Stories > Mental Health Series: The Triangle


Mental Health Self-Care: The Triangle

By Brianna White, Intrepid Counseling


Mental Health Geometry 1 – The Triangle 

Psychologists and mental health therapists often use pictures and diagrams to show what is going on on the inside. This was the only type of imaging we had to describe our inner-life before brain imaging technology. Even though we understand the biology of the mind and emotions much better than we did 50, 30 or even 15 years ago, our old-school diagrams are as useful as ever. My next few blogs will cover some of these classic shapes. The first of these shapes is the Triangle. This blog will help you use it to understand yourself and make a self-care plan when you’re having a hard time.

One of the most popular shapes used to describe people’s emotions and behavior is the triangle. It is a way of diagraming how our thoughts, feelings and actions are related. Why does the Cognitive Triangle matter for TCKs? We’ve got a lot going on. Classic to the TCK experience is layers of complexity in many areas of life. In our relational lives, in our cultural experiences, in our spiritual belonging, in our logistical needs. The Cognitive Triangle is a tool we can use to orient ourselves when our thoughts and feelings get complicated too. 

The Triangle (also sometimes called the Cognitive Triangle) connects these three elements: Thinking: What’s going through your head? / The Captions / Quotable  / Inner chatter / Self-talk

Feeling: What does this mean? / Emotions / Reflexive / Body sensations / Nervous System Doing: Reactions / Observable / Objective / Coping skills (helpful and not-so helpful)

Thinking includes how you evaluate a situation, what you decide it means about your or what it means to you. Feelings include both emotions and body sensations (sad or sick / happy or energized), including sensing calm or threat. Doing means your actions, for example steps you take to feel better or protect yourself, connect and celebrate. It includes both reactions and plans and accidents. These elements form the points of the triangle and in the middle goes the situation – what is happening.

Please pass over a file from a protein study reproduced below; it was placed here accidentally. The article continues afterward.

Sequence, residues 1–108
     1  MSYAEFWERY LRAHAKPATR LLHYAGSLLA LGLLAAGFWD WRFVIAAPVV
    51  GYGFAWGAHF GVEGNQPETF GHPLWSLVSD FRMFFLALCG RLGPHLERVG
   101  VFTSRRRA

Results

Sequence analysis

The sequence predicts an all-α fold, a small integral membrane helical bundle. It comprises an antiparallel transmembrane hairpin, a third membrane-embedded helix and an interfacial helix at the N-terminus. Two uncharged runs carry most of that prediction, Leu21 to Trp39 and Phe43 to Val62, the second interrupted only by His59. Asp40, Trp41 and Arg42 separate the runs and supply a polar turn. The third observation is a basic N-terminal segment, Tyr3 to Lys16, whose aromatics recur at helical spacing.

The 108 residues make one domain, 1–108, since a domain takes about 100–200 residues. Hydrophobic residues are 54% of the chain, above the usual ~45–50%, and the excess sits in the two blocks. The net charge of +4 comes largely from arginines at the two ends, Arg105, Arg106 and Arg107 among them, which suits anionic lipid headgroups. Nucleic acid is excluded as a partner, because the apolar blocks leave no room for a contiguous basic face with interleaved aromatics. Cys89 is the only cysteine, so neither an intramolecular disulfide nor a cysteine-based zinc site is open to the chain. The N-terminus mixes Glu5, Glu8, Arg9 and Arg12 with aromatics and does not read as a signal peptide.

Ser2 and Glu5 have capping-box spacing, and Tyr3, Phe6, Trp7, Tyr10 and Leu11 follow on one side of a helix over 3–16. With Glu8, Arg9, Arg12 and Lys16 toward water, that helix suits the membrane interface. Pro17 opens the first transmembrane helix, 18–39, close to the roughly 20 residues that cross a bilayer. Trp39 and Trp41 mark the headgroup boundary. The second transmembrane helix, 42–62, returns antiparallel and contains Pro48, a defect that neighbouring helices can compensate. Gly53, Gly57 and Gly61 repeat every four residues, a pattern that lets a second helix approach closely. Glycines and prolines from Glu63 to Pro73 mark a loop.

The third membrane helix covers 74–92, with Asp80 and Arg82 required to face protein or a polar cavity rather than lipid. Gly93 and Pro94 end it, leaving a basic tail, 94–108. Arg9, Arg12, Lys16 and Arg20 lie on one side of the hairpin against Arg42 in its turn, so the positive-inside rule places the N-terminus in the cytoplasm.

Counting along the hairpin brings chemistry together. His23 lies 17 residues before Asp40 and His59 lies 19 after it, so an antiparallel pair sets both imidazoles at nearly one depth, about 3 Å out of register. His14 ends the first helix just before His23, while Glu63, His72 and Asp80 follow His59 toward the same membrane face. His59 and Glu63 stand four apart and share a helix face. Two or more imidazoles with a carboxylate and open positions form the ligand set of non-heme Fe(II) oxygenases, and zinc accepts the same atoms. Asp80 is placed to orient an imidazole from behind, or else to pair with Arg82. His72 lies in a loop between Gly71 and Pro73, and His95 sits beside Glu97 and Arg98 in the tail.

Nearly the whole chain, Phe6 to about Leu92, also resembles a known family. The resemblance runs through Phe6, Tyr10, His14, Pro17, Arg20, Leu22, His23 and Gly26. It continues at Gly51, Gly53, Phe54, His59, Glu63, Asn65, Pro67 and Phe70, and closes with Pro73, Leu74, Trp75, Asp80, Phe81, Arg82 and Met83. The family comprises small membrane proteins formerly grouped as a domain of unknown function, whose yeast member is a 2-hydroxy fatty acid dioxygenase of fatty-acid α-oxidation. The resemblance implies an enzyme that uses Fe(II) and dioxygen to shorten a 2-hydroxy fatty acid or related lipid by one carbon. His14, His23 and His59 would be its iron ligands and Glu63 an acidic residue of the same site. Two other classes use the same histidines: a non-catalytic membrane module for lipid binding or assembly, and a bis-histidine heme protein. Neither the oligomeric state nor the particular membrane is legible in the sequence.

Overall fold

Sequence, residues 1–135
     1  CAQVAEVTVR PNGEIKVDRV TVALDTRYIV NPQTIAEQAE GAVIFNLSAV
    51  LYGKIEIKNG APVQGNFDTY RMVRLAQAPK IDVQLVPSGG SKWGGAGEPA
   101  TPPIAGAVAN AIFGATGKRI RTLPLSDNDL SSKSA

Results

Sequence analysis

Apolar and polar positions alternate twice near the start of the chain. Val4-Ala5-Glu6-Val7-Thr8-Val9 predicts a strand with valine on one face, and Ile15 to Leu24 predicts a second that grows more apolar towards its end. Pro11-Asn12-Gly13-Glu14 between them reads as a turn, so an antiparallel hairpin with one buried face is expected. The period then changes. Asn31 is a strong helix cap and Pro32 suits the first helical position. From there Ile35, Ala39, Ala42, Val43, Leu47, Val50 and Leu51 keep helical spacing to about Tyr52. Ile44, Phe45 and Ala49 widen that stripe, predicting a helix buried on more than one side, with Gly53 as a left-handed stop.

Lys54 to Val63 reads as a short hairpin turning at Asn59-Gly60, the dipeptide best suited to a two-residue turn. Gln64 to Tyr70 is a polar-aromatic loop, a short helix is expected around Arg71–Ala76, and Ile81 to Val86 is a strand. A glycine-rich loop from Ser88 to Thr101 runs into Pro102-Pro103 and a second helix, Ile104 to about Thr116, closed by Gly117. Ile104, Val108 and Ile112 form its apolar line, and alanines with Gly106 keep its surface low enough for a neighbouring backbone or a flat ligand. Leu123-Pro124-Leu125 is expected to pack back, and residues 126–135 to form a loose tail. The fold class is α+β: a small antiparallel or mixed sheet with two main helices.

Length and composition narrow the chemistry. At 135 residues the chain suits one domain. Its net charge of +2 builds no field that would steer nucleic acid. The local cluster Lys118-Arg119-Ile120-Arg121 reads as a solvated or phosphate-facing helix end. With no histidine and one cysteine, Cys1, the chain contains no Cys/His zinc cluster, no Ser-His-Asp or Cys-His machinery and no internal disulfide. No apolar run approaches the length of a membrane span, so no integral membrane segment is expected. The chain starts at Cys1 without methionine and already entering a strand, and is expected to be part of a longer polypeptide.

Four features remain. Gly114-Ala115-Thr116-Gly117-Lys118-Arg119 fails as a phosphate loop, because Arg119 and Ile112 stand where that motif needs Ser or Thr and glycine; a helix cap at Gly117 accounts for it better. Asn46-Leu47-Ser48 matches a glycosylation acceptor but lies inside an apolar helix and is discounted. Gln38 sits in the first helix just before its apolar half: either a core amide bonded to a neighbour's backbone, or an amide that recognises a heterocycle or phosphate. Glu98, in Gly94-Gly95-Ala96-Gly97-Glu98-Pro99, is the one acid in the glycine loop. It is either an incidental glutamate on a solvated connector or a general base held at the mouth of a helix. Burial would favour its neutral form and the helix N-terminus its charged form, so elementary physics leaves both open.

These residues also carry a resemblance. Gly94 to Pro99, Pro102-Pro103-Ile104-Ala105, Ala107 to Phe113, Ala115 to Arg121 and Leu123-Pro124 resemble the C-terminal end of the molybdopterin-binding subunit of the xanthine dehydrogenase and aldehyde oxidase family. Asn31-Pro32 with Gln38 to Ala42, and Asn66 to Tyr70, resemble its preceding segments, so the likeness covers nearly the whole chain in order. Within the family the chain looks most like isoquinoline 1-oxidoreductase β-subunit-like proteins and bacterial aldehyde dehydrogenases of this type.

Here is how to use this tool when a situation is causing a problem or pain is happening in the area of your thoughts, actions or emotions. First draw a big, page-size triangle and write the situation in the middle of the triangle: Ex: all my friends have left for fall break and I’m still on campus. Next write down what you think about this at the top of your triangle: Ex: “No one cared about me enough to invite me to go with them.” Then write your feelings in the next box: use a feelings list if you are having a hard time naming your emotions. Ex: “Abandoned, lonely, depressed.” Finally write what you’re doing about this situation. Ex: Staying in my dorm room alone most of the day.  That’s Triangle 1, or The Old Triangle. 

Now for the New Triangle, where something has changed, other than the situation itself, to make you feel better. Take another sheet of paper, draw another triangle and write the exact same situation inside of it. Now look at the thoughts, the feelings and actions. Do you see anything that could change that might make things better? Maybe you remember a comforting thought. Ex: I actually enjoy having the room to myself for once. Or maybe there’s a reason why your first thought isn’t totally true. Ex: Someone did invite you to a trip that didn’t work out for you for some reason. These new thoughts can change your emotions. Thinking of it now as a rare weekend to yourself, you might start to feel a little bit peaceful, free or empowered. Or maybe you know an action you can take to feel less depressed, like catching up with far away friends, or getting out into the sunshine, taking matters into your own hands and finding an old friend or a cool nearby site you can visit. 

Videos and other resources abound on social media, about ways to use the cognitive triangle to think in a new way and feel better. Here’s a good quick one: Thought Emotion Action Cycle CBT 

If you notice you’re having a hard time thinking in a different way, your emotions are too hard to talk about or your actions are risky or dangerous, then it’s time to get help. If help from friends isn’t getting you all the way safe, or feeling better, it’s time to find a counselor/therapist. For information on how to do that, check out some of my past blogs all about getting yourself set up with mental health care. For help finding a TCK therapist in your area, please feel free to reach out to me at my website’s secure contact form




Brianna White

Licensed Marriage and Family Therapist, Child Mental Health Specialist
GA License #: MFT001769 ; WA License #: LF60567087
she/her/hers why do this?
Intrepid Counseling LLC
833-825-9991 (text me using the iplum app)